Currently Guillermo lives and teaches in the Los Angeles, California area and works as a solo guitarist, Flamenco dance accompanist, and for nine years has been building and repairing guitars (a luthier) at Long Beach Guitar Repair, specializing in Flamenco guitars.
In September 1972, Guillermo Rios stepped off a plane in Madrid, Spain and began realizing a lifelong dream. A graduate of the University of Pennsylvania in Philadelphia, he received his degree in English literature in 1968 and was subsequently commissioned a second lieutenant in the United States Marine Corps. By 1972, Captain Rios had completed two long combat tours in Vietnam and recovered from his wounds. He arrived in Madrid at the age of twenty-six armed with fluent spanish and a burning desire to learn the Flamenco guitar.
Guillermo’s principal teacher was Juan Maya “Marote” - an artist of legendary knowledge with an incredible delivery. “Marote” immediately declared that a twenty-six-year-old beginner could progress as far as anyone else, and that Guillermo would be able to start working as a Flamenco guitarist within two years; the only precondition was that Guillermo had to faithfully execute every detail of the maestro’s instruction.
Less than two years later, Guillermo was allowed to play alongside veteran musicians in Madrid’s Flamenco clubs where he began to accrue the enormous skills required of every professional. For the next eight years, Guillermo worked the requisite seven-nights-a-week in the clubs: Torres Bermejas, Arco de Cuchilleros, and five continuous years in Las Cuevas de Nemesio. He was then hired to tour Spain, Europe and Canada with the prestigious companies of Carmen Mora, Manolete Maya (Juan’s brother), Mariano Torres and Ricardo El Pelao. He continued to study with Juan Maya - now his son’s godfather - as well as with Pepe Habichuela. Counting the great Sabicas as one of his intimate friends, Rios constantly and respectfully grilled him about the art of Flamenco guitar.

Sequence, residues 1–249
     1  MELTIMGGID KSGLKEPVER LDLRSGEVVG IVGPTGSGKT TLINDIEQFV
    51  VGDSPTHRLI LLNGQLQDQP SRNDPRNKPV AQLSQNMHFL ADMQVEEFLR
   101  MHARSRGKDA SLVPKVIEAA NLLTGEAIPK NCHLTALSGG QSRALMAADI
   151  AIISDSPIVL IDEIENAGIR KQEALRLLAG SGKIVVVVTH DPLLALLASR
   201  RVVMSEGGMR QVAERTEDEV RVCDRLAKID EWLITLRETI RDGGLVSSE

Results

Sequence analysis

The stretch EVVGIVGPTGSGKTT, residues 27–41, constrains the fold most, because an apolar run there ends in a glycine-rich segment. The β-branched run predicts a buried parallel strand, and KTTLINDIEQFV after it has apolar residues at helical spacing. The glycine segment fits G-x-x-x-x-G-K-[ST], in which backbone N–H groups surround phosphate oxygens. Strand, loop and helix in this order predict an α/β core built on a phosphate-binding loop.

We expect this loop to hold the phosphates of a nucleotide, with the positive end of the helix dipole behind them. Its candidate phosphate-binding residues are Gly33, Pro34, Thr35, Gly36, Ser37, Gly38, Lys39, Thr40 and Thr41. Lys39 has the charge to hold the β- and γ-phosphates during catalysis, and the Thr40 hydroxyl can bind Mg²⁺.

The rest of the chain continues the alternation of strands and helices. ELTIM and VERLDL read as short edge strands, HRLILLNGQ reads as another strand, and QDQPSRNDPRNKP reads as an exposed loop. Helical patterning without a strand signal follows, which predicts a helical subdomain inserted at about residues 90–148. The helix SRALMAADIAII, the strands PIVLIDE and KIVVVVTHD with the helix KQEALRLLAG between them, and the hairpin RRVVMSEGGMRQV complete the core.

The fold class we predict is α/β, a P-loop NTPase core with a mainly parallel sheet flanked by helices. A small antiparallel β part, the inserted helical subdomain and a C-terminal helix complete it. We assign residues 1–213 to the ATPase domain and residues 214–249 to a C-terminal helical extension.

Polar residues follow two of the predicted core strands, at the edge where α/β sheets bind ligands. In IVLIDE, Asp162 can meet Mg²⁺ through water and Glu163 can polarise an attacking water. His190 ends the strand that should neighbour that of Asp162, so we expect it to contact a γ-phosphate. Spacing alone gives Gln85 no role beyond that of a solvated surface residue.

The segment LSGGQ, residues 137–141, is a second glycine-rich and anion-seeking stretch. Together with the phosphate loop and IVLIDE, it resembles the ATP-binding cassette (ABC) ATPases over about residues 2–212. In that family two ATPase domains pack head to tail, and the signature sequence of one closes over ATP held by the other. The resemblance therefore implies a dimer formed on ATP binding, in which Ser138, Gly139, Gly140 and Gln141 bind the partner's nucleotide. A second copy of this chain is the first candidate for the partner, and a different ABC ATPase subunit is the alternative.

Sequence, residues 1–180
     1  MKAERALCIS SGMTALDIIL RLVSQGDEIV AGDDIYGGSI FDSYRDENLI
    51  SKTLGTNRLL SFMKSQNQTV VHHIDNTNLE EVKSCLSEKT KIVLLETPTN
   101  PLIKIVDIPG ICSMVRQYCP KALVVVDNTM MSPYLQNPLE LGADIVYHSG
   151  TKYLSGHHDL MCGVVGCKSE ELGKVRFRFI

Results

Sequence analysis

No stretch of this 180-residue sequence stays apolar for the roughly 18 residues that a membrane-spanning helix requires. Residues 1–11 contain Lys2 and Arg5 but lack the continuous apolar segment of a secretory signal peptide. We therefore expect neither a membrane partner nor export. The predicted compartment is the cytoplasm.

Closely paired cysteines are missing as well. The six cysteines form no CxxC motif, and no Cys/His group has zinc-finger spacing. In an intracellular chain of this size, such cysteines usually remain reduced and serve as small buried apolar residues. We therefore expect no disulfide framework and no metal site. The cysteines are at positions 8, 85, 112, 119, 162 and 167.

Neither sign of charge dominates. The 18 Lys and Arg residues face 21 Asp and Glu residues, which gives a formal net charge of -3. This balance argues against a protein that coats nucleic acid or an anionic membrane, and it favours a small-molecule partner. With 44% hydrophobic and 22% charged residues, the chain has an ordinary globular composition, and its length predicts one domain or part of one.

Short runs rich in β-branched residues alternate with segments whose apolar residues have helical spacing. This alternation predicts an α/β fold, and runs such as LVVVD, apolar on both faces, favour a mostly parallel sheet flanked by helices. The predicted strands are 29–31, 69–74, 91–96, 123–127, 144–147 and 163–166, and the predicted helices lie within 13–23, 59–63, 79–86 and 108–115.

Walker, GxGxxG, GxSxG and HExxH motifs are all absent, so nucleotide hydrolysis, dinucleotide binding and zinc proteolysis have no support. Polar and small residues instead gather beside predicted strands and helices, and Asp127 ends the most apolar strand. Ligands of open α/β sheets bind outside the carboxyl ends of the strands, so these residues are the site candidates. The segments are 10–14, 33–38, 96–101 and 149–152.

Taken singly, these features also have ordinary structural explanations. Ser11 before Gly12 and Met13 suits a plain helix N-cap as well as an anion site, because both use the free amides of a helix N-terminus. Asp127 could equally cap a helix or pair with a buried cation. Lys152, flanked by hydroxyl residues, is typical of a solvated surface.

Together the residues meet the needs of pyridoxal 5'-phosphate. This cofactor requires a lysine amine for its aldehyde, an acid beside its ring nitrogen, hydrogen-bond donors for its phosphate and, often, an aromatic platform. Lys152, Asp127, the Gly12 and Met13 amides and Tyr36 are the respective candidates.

In 1983 Guillermo joined the Maria Benitez Dance Company and was her leading guitarist and musical director for five years. Since then, he has appeared with every major Spanish dance company in the US, notable those lead by Jose Greco, Jose Greco II, Rosa Montoya, Jose Molina, and La Tania.
Together with Rosa Montoya, Guillermo was awarded a grant for new music from Meet the Composer in New York; this was the first time the committee had every awarded it’s grant to a Flamenco guitarist. Concurrent with his ensemble activities, Guillermo also developed a solo career and in 1983 was awarded a Canada Council Arts Grant for for compositional studies with Pepe Habichuela. Guillermo has given solo concerts with his friend and teacher Juan Maya and with Mario Escudero throughout the USA, Spain and Canada.
In 1991, Guillermo became a member of the quarter Festival of Four, formerly known as A Festival of Strings. With this group he had the good fortune to collaborate for four years with Emanuil Sheynkman, a highly esteemed Russian national who was considered a balalaika and mandolin virtuoso. Sheynkman helped Guillermo adapt to the way classical musicians conceive, hear and play their music. Now that Mr. Sheynkman is gone, the quarter consists of three guitarists and a flautist. Festival of Four tours have been long and successful. The group is currently on the roster of the Community Concerts Association.
Guillermo has also worked with the great Indian parodist Aashish Khan, and regularly collaborates with Pepe Habichuela on a variety of projects. Guillermo lives and teaches in the Los Angeles, California area and journeys to Spain frequently to visit old friends. He has three children.